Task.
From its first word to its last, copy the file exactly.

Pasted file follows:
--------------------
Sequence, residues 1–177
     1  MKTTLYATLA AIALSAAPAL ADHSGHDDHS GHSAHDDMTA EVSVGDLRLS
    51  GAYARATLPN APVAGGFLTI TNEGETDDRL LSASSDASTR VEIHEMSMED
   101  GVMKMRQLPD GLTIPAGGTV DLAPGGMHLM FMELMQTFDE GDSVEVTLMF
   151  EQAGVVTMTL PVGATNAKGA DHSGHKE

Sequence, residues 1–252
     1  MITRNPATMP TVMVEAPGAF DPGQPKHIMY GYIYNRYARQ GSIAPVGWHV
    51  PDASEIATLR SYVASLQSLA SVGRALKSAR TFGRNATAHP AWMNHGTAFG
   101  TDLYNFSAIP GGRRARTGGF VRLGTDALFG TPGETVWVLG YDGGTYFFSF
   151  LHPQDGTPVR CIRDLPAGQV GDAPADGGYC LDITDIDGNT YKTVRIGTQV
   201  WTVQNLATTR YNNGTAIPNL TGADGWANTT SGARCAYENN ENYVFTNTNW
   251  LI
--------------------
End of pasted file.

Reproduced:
Sequence, residues 1–177
     1  MKTTLYATLA AIALSAAPAL ADHSGHDDHS GHSAHDDMTA EVSVGDLRLS
    51  GAYARATLPN APVAGGFLTI TNEGETDDRL LSASSDASTR VEIHEMSMED
   101  GVMKMRQLPD GLTIPAGGTV DLAPGGMHLM FMELMQTFDE GDSVEVTLMF
   151  EQAGVVTMTL PVGATNAKGA DHSGHKE

Sequence, residues 1–252
     1  MITRNPATMP TVMVEAPGAF DPGQPKHIMY GYIYNRYARQ GSIAPVGWHV
    51  PDASEIATLR SYVASLQSLA SVGRALKSAR TFGRNATAHP AWMNHGTAFG
   101  TDLYNFSAIP GGRRARTGGF VRLGTDALFG TPGETVWVLG YDGGTYFFSF
   151  LHPQDGTPVR CIRDLPAGQV GDAPADGGYC LDITDIDGNT YKTVRIGTQV
   201  WTVQNLATTR YNNGTAIPNL TGADGWANTT SGARCAYENN ENYVFTNTNW
   251  LI